While baseball is one of America’s most beloved sports, its history has not always been smooth sailing. On April 13, 1972, the first Major League Baseball (MLB) strike ended after 12 days.
The strike was agreed upon by the players, as well as the Major League Baseball Players Association’s leader, Marvin Miller. The driving force behind the strike was the player’s desire for compensation after their careers had ended, as well as a demand for salary arbitration. After the strike ended, the MLB agreed on a $500,000 increase in pension-fund payments. Salary arbitration, which is the process through which players who have played for the MLB for a certain amount of years are able to choose from a salary that best fits their skill-set, was not introduced to the league until 1974.
The introduction of the measures allowed for job-and wage-security for the players, as well as creating an environment where players had the opportunity to get paid a fair market rate, after establishing their staying power within the MLB.
The strike encompassed 86 games during that season, and the games were never played because the league was determined to avoid paying the players for the time that they had decided to strike. This led to some teams playing nine fewer games than usual and allowed the Detroit Tigers to be named the AL East champions, as they held a half-game lead over the Boston Red Sox. This was due to the Red Sox having played one less game throughout the season.
While this was the first time a strike would affect the MLB, it was not the last. The following year, a lockout affected the MLB, as the league tried to decide how to implement salary arbitration. The lockout only affected the spring training of the 1973 season, however, and no games were missed that year.
One of the most notorious labor disputes in baseball history occurred during the 1981 strike, when the league was unable to agree with the league on free-agent compensation. This strike began on June 12, 1981 and ended on July 31, 1981. The strike was voted on in May of that year, when the executive board of the MLB Players Association unanimously agreed in favor of a strike to determine free-agent compensation. Sources report that people around the country felt as though the MLB owners were responsible for the strike, as many owners felt as though they deserved compensation after losing a free-agent player to another team, while the players felt as though this principle undermined the value of free-agency.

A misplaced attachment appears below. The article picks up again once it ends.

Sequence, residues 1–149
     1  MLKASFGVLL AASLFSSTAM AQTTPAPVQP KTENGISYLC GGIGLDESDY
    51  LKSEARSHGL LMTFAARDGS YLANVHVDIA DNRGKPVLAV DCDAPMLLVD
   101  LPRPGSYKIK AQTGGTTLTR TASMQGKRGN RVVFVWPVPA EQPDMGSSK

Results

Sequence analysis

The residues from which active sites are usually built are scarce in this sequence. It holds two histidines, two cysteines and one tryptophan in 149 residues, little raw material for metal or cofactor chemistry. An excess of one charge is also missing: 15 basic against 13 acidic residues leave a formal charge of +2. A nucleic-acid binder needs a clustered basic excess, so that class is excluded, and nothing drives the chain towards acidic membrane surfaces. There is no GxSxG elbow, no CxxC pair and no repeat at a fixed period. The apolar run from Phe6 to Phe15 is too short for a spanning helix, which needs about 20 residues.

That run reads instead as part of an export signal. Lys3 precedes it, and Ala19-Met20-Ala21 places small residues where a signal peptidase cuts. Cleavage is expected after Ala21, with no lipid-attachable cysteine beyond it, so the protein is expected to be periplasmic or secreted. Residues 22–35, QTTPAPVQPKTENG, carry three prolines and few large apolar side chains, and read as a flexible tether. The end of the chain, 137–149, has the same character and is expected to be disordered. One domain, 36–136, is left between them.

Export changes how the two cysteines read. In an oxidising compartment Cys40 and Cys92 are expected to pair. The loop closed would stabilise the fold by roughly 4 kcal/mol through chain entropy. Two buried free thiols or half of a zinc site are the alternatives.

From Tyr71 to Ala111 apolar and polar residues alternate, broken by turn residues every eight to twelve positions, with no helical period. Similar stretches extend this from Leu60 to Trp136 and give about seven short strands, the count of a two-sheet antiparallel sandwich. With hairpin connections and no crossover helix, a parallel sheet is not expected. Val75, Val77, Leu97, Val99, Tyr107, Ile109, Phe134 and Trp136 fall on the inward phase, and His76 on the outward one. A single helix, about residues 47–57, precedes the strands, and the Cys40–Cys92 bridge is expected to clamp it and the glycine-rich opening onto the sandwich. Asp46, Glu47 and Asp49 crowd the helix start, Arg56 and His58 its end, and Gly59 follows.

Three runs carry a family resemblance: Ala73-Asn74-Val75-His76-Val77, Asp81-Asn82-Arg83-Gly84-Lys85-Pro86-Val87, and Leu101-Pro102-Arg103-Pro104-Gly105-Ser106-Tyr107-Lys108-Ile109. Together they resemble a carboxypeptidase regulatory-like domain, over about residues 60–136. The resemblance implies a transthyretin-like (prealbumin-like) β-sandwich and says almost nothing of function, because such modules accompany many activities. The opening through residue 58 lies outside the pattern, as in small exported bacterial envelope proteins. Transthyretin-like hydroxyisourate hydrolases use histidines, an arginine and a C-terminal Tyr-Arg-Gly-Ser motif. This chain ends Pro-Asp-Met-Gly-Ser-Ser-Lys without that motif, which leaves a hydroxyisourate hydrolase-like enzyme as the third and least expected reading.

Game-play resumed on August 9, but only after multiple regular-season games were cancelled. This cancellation led to another season where various teams had played an uneven amount of games.
The culmination of the tensions between players and the league would play out during the strike of the 1994-95 season. The strike, like those prior to it, was prompted by a labor issue. It started on August 12, 1994 and continued into the 1995 season, causing the MLB to miss the 1994 World Series. The strike ceased only after it was suspended on April 2, 1995, after lasting for a duration of 232 days. At the time, it was the longest strike in major league professional sports and was only surpassed by the 2005 NHL lockout which lasted for 310 days.
The 94-95 strike was motivated by a proposed salary cap on players income by the MLB owners, who were trying to respond to a worsening financial situation in Major League Baseball at the time. The proposed amendments would have negated salary arbitration that was approved only two decades earlier, as well as postponing free agency motions for another two years. A proposal to end the strike by agreeing to let teams play with replacement players was rejected, as this violated labor laws in Canada and excluded Canadian teams from the deal. After a failed negotiation ordered by President Bill Clinton during January of the 1995 season, the owners revealed that they would revoke the proposed salary cap and returned to the prior agreement.
Currently, many people feel as though Major League Baseball is on the brink of another strike; reports note that player’s salaries have stagnated, while ticket prices climb. Now, many fans feel as though it is up to the players to once again challenge the major league owners and take control over their salary benefits in order for America’s favorite pastime to continue to thrive.